Widespread hybridization among species of Indian major carps in hatcheries, but not in the wild
Abstract:Twenty‐one allozyme loci in samples of wild‐caught and hatchery‐reared Indian major carps from Bangladesh were analysed. Bayesian model‐based clustering analysis revealed the presence of four taxa, corresponding to the three known species along with a fourth unknown taxon present in two hatchery samples. Individual admixture coefficients showed that 24% of all hatchery‐reared fishes were hybrids, whereas a single hybrid was observed in the wild‐caught samples. Only catla Catla catla× rohu Labeo rohita and mrigal Cirrhinus cirrhosus× rohu hybrids were observed, the vast majority of which were F1 hybrids, though five individuals represented putative backcrosses. Mitochondrial DNA analysis revealed that catla × rohu hybridization primarily involved catla males and rohu females, whereas mrigal × rohu hybrids primarily resulted from rohu males and mrigal females. Despite the high percentage of F1‐hybrids in hatchery samples, reproductive barriers among species have so far precluded widespread introgression. Continued hybridization may eventually lead to a breakdown of species barriers, thereby compromising the genetic integrity of the species in the wild, and leading to production losses in aquaculture.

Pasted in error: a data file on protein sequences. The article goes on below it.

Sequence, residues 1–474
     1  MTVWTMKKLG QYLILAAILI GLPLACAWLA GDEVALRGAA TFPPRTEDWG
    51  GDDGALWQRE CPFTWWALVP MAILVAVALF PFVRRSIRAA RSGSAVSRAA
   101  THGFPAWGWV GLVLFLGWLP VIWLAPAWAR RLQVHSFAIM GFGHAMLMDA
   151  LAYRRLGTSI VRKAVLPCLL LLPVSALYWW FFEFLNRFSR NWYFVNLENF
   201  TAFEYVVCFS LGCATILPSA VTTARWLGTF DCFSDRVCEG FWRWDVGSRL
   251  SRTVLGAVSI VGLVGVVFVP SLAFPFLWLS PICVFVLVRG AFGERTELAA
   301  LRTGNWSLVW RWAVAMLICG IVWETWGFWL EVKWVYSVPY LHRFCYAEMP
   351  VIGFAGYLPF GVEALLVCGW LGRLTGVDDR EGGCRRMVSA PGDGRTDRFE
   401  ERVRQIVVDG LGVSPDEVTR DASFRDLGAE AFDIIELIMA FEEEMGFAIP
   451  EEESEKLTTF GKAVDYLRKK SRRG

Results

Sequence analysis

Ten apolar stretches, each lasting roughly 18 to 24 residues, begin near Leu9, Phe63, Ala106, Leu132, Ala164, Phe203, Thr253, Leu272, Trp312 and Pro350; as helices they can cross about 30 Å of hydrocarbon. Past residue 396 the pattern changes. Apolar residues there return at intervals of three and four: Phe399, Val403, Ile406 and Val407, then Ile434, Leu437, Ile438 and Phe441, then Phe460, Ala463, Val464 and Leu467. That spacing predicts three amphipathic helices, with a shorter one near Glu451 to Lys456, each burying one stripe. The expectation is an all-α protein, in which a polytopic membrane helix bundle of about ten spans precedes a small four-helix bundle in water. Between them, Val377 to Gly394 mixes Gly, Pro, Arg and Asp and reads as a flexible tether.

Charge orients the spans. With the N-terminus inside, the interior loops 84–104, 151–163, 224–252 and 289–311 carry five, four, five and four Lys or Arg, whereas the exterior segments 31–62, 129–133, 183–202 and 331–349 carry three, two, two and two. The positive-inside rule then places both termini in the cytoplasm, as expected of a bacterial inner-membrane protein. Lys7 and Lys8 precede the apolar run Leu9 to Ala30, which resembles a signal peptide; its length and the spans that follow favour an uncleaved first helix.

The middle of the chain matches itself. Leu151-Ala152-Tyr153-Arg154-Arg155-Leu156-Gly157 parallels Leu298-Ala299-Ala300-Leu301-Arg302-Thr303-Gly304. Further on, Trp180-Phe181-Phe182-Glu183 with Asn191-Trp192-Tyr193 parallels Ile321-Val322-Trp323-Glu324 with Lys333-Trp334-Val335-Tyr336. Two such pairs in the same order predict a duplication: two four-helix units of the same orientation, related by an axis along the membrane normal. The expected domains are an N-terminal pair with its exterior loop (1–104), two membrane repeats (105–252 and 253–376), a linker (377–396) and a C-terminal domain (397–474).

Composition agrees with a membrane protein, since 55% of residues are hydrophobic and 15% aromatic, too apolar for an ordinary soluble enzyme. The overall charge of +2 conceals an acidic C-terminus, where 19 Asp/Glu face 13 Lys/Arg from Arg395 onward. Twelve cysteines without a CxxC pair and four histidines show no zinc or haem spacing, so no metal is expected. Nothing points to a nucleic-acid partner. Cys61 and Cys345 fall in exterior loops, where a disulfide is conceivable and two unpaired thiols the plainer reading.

Document Type: Regular Paper
Affiliations: 1: National Environmental Research Institute, Vejlsoevej 25, P. O. Box 314, DK-8600 Silkeborg, Denmark, 2: Department of Inland Fisheries, Danish Institute for Fisheries Research, Vejlsoevej 39, DK-8600 Silkeborg, Denmark and 3: Department of Fisheries Biology and Genetics, Bangladesh Agricultural University, Mymensingh-2022, Bangladesh
Publication date: September 1, 2005